I do not see how the fair tax is regressive, though, even without that stipend. It is a flat consumption tax, is it not? Now don't get me wrong, I don't support the Fair Tax, even with the stipend. I could easily be persuaded that compared to the current tax code it is worse for lower income families. But regressive is a technical term and it doesn't strike me as such. Am I missing something?

Middle Class Guy said...

Trumpit,
I guess you like to turn over more of YOUR hard earned money to the government to finance more failures.

Clinton raised taxes on the Middle Class. I personally saw my paycheck drop by over one hundred dollars a month because he raised the with holding rates. For what?

Under Bush, my check went up over one hundred dollars a month. Give me the tax cutter every time. I believe that my money is mine, not the government’s. I do not believe in bearing a burden for the right to be an American. I do not believe I should pay for other people's problems or failures. I do not believe in financing failures.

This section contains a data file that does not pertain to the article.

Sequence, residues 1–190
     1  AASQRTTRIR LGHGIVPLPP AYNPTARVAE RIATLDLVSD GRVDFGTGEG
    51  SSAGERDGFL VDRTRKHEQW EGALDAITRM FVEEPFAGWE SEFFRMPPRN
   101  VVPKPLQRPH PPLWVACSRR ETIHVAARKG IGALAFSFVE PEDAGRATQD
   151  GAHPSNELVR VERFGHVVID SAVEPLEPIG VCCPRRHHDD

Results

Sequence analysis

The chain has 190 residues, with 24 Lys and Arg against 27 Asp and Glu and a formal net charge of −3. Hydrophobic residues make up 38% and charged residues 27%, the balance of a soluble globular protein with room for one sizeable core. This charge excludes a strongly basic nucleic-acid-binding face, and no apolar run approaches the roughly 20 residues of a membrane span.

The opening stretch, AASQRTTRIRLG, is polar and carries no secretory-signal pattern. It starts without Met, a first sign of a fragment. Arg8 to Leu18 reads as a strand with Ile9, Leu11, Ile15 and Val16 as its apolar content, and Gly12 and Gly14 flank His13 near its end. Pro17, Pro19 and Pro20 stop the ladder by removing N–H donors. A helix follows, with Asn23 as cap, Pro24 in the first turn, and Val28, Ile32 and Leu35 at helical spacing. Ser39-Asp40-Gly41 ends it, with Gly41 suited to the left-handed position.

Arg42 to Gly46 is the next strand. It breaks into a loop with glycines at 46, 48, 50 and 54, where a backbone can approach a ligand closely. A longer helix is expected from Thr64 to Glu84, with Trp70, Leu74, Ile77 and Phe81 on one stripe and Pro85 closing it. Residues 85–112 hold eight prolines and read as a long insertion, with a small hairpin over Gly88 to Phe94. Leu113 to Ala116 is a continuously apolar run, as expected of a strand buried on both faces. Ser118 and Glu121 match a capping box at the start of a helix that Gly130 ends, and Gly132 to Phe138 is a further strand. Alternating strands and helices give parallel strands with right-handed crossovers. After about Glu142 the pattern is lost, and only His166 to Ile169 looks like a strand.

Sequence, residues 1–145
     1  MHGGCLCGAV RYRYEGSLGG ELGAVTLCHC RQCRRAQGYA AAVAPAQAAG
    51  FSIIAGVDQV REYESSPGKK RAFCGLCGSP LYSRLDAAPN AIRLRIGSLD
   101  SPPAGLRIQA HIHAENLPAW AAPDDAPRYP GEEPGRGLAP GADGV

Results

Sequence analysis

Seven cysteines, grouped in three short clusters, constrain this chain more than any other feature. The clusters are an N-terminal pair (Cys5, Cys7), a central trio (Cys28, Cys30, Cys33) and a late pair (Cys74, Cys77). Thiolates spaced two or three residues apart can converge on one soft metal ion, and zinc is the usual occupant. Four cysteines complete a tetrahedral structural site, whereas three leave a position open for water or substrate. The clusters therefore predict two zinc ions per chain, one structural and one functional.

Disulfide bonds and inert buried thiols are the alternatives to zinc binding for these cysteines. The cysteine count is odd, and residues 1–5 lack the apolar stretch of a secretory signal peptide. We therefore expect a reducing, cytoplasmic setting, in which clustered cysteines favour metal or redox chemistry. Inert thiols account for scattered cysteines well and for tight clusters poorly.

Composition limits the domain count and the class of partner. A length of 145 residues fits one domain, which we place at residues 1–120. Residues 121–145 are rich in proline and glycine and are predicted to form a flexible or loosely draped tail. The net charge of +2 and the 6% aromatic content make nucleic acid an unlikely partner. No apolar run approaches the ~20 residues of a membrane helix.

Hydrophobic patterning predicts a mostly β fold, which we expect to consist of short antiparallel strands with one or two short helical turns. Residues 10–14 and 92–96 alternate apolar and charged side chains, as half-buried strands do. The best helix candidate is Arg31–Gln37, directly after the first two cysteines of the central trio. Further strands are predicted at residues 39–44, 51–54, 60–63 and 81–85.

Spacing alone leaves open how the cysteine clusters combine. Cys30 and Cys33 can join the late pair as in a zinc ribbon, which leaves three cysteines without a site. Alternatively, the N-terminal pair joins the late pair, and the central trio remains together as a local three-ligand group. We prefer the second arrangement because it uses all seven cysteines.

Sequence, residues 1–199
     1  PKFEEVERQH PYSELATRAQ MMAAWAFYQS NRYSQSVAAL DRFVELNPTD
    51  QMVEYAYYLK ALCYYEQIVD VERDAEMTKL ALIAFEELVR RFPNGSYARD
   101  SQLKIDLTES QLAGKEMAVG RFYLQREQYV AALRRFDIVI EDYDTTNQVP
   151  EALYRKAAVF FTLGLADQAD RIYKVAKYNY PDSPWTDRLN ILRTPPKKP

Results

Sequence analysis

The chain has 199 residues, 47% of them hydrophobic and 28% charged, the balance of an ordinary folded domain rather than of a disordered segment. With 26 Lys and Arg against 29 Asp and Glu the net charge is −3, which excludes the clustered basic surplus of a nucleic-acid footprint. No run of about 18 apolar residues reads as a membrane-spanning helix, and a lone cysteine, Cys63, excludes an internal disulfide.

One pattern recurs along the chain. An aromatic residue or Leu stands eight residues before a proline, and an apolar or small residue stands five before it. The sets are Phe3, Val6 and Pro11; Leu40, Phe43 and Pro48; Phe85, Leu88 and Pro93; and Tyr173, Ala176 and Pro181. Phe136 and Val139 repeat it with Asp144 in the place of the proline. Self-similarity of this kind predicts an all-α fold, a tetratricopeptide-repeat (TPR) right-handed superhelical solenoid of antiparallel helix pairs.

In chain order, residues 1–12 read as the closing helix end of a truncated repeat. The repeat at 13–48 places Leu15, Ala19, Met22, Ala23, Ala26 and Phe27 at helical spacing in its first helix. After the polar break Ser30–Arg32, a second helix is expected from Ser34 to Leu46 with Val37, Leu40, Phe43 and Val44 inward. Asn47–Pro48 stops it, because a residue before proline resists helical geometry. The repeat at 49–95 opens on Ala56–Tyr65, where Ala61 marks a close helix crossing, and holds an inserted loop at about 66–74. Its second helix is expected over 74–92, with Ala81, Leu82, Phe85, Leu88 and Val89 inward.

No, sir. I care not about abortion, Moslems, war, poverty, or anything else. I care about keeping as much of my money as possible. I worked for it. I earned it. It is mine. Not Hillary Clinton's, Barak Obama's, or John Edwards. It is mine. I will vote for whom ever will lower taxes or eliminate certain taxes every time.

JackDRipper said...

Ann Althouse said ..Clinton is crashing! What is going on? My theory: I think people want to fall for Obama and want to be free of Hillary Clinton.

Yes, the White women in two very White states are falling in love with a black man, just like Obama's Kansas White mother.

And they see Hilary as the mean, disapproving mother who wants to break up the relationship. The more she fights back the more they rebel. They going to show her!

That's a subtext that I see to all this Obamamania. But then again what do I know about White women. Maxine is the expert there.

There's also a bitterness and hate for Hilary that reminds me of the young feminist blogger hate for A. Althouse.

Anyway I hope Romney wins this and becomes president. I actually see him as a major shift from Bush. Bush is a non-achieving, reality-phobic and personally insecure person. Romney has a history of great personal achievement, an obsession with an empirical, data rich world view and a willingness to be open to intellectual competition and dissent within his top management. Bush sees that as a threat and sign of disloyalty.